Suicide, stupidity, and the iPhone

Factory workers who can't stand to crank out even one more iPhone are killing themselves, while cell phone users careen about the highways

iPhones are made in a Chinese factory where conditions are so bleak workers throw themselves out the window in despair. In central Africa, the mining of coltan, tungsten, and other minerals crucial to the manufacture of cell phones has fueled a series of bloody civil wars. And did I mention that smartphone users kill themselves and others by driving while talking and texting, and even those who don't risk shortening their attention span to that of a mosquito?

Look: I love digital technology and I love to use it. And yes, I own a DVR and always carry my iPhone 3G S. But with the hype storm over the upcoming release of the iPhone 4 in full swing, it's a good time to put gadgets and their human costs into perspective.

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The iPhone suicides
Who doesn't like cheap? Bargains make us feel good, and any time we pay more for something than the next guy did, we feel diminished. Electronics makers know that, of course, and you might even say there's a corollary to Moore's law: The technology you buy today will be half as expensive in two years.

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The race for the bottom of the pricing ladder puts huge pressures on margins, so it's no wonder that nearly all of the cool devices we carry around are made overseas where labor is infinitely cheaper.

Which brings us to Foxconn, whose city-like factory complex in Shenzhen, China, houses 250,000 workers cranking out iPhones, iPads, and other gear for Apple, Dell, Hewlett-Packard, and others. Also known as Hon Hai, Foxconn is the world's largest contract manufacturer, and it generates more revenue in a year than Microsoft. Last year it recorded net income of $2.3 billion, while paying employees about $300 a month.

So far this year, 10 Foxconn employees have committed suicide, and at least three others have tried to kill themselves. By all accounts, the Foxconn factory is not exactly Dickensian, but workers are obligated to accept two hours of overtime every day of the six-day workweek, aren't allowed to talk on the assembly line, and live 8 or 10 to a room in dorms on the complex grounds.

Something is really wrong there, and the fact that the suicide rate in the plant is slightly lower than that of the country as a whole is misleading. Given that all of the suicides happened at work, not at home, there's obviously a link between the work environment and the deaths. Commentators who dismiss the suicides as statistically insignificant or coincidental are way off base and playing the role of apologists.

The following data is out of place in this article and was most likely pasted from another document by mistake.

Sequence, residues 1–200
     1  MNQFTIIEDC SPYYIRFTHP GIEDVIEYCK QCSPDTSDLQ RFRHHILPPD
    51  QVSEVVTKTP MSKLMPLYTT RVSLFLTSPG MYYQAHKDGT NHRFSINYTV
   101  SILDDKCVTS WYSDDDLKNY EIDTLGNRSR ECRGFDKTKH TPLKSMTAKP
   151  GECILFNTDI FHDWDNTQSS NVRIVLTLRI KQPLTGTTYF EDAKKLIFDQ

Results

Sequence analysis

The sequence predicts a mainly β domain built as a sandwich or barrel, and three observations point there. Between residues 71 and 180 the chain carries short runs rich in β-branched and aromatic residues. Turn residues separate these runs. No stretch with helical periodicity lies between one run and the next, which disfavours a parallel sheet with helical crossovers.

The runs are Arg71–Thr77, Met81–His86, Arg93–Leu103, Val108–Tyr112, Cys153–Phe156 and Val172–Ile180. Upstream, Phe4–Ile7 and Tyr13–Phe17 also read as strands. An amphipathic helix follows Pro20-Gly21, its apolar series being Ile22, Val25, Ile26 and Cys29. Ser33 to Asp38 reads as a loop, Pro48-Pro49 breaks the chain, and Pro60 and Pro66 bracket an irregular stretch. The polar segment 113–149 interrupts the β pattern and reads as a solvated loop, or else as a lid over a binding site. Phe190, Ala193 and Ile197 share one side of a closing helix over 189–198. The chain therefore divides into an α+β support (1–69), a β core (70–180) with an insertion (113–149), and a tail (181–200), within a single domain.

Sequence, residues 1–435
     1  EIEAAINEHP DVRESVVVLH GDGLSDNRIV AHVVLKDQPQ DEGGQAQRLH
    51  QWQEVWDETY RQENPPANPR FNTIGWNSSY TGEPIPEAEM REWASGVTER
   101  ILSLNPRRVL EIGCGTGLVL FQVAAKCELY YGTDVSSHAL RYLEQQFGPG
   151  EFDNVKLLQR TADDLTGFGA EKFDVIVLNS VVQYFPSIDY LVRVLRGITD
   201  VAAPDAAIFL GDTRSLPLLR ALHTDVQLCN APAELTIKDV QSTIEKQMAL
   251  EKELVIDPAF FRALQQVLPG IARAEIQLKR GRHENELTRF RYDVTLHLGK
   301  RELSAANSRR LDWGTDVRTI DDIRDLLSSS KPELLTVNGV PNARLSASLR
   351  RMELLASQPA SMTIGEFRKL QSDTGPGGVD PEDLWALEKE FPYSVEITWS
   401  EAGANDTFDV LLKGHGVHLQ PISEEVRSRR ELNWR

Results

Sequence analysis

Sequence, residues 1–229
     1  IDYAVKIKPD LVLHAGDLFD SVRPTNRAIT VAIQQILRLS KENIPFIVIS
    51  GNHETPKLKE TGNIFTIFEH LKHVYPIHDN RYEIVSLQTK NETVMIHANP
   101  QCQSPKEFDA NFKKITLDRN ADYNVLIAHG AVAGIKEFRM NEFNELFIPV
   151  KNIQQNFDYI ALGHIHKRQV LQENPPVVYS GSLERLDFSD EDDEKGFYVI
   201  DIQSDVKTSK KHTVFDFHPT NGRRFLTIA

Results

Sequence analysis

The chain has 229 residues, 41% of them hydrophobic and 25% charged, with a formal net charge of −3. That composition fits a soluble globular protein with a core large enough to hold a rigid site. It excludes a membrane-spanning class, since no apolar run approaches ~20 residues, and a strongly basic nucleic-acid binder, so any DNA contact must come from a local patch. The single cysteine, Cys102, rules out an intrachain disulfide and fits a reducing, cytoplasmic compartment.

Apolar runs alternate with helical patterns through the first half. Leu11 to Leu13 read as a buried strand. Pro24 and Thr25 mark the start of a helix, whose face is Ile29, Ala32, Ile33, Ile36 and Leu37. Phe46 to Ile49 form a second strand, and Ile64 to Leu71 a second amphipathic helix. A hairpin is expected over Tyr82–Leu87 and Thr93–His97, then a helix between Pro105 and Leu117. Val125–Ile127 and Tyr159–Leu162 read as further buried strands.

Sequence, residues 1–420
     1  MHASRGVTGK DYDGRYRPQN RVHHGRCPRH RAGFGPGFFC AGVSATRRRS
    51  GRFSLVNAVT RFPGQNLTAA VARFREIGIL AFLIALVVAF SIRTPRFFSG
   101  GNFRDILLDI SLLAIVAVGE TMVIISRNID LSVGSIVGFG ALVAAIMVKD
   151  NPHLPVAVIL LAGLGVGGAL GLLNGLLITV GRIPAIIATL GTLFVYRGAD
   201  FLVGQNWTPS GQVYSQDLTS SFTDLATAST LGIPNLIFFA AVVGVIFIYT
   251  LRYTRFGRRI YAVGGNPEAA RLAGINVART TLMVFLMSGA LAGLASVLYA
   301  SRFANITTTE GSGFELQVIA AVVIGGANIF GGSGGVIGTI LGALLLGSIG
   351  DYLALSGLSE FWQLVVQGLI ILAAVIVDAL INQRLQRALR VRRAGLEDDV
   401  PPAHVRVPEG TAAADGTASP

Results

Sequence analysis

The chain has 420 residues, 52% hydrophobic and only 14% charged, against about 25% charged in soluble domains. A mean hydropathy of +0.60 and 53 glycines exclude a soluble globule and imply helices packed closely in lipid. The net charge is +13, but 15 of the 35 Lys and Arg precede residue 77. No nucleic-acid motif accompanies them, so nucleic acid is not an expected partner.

Apple, Dell, and HP have all expressed concern about the deaths and conditions in the factory and say they are monitoring the steps Foxconn is taking to stop them. But all too often "monitoring" means ignoring. Nike didn't improve conditions for its workers in Asia until widespread bad publicity and consumer boycotts made it good business to clean up its act. So let Apple and the others know what you think.

iPhones and iDiocracy
Suicide-by-gadget is hardly an American phenomenon. When I was in Vietnam in 2008, I was appalled to see people texting while driving motorcycles that carried as many as two passengers. I'm not sure I've ever seen someone do something quite that stupid in the United States, but we come pretty close.

A study by the National Highway Transportation Safety Institute (an arm of the U.S. Department of Transportation) found that nearly 6,000 people died in 2008 in crashes involving a distracted or inattentive driver, and more than half a million were injured. Though we might think that hands-free devices remove that risk, it turns out that few of us have the mental bandwidth to focus on more than one task while driving.

"You can be looking out the windshield and think you're paying attention -- but you're not," says David Strayer, a professor of psychology at the University of Utah who has studied the use of cell phones are other electronic gadgets in automobiles.

Then of course there are the cell phone zombies who lurch out into the streets of San Francisco and other cities while talking or texting, oblivious to the cars and bicycles heading their way. And have you been to a café lately where people were actually talking to each other, rather than staring at a computer screen?

There's even evidence that using digital multitasking changes our brains -- and not always for the better. Consider this paragraph in Sunday's New York Times: "The technology is rewiring our brains," said Nora Volkow, director of the National Institute of Drug Abuse and one of the world's leading brain scientists. She and other researchers compare the lure of digital stimulation less to that of drugs and alcohol than to food and sex, which are essential but counterproductive in excess.

I'm no better than anyone else. I've noticed my attention span shortening as I use more gadgets -- and why do I feel a bit of panic if I leave the house without my iPhone?

I'm hardly a Luddite, and this post isn't meant to be an antitechnology screed. Computers, cell phones, and the Internet have made huge improvements to the spread of knowledge and communications. Finding an obscure fact on Google in a few seconds is really a joy. And I don't think you should feel guilty when you buy a cell phone. But there's a cost to ourselves and to others that's all too easy to forget as we enthuse over the latest cool thing.

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This article, "Suicide, stupidity, and the iPhone," was originally published by Read more of Bill Snyder's Tech's Bottom Line blog and follow the latest technology business developments at